Finding Ways to Give Poor Children a Voice

Article Tools
  • PrintPrinter-Friendly
  • EmailEmail Article
  • ReprintReprints
  • CommentsComments

To the Editor:

I was extremely touched and excited by Maurice J. Elias’ Dec. 10, 2008, Commentary “How to Foster Children’s Resilience While They Wait for Schools to Improve.” The theme of resilience is not spoken of enough in the context of policies for low-income children. Here in New York City, we still struggle to find a way to give such children and youths a voice—a way of allowing them to be heard and their experiences acknowledged by policymakers.

Mr. Elias’ essay described a concrete strategy that communities can adopt to carve a space for the voices of young people in public discourse. More policymakers should follow the example he cites of Plainfield, N.J., and actively engage in dialogue with young people around their shared experiences and values. Perhaps then low-income children would not have to wait for policies to catch up to their needs.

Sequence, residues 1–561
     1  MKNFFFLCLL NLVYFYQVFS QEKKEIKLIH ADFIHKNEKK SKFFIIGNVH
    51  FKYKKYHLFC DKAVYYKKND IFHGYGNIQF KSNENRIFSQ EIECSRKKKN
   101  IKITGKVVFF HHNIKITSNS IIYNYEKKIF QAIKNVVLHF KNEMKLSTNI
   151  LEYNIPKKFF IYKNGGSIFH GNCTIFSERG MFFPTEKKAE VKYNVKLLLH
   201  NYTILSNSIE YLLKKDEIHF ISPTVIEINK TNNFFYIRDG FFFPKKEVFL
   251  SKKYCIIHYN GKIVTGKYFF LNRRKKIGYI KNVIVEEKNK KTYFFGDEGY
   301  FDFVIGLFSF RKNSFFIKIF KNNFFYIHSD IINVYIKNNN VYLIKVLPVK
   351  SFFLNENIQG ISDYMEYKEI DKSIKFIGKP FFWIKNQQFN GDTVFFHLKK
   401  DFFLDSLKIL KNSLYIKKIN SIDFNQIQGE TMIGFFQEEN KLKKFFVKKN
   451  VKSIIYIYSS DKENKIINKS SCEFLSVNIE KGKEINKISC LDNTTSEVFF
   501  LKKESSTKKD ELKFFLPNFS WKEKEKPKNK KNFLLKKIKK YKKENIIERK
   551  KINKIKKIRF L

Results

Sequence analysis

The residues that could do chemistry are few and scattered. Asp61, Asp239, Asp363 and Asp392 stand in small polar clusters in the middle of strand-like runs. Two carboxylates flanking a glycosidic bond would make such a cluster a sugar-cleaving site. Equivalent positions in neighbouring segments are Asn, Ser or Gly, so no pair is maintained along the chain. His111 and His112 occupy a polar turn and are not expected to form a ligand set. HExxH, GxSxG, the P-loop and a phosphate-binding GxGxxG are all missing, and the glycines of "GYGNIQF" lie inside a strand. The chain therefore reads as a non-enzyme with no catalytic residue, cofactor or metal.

Brooke J. Richie
Executive Director
Resilience Advocacy Project
New York, N.Y.

Vol. 28, Issue 20, Page 26

Published in Print: February 4, 2009, as Finding Ways to Give Poor Children a Voice
Notice: We recently upgraded our comments. (Learn more here.) If you are logged in as a subscriber or registered user and already have a Display Name on edweek.org, you can post comments. If you do not already have a Display Name, please create one here.
Ground Rules for Posting
We encourage lively debate, but please be respectful of others. Profanity and personal attacks are prohibited. By commenting, you are agreeing to abide by our user agreement.
All comments are public.

Back to Top Back to Top

Most Popular Stories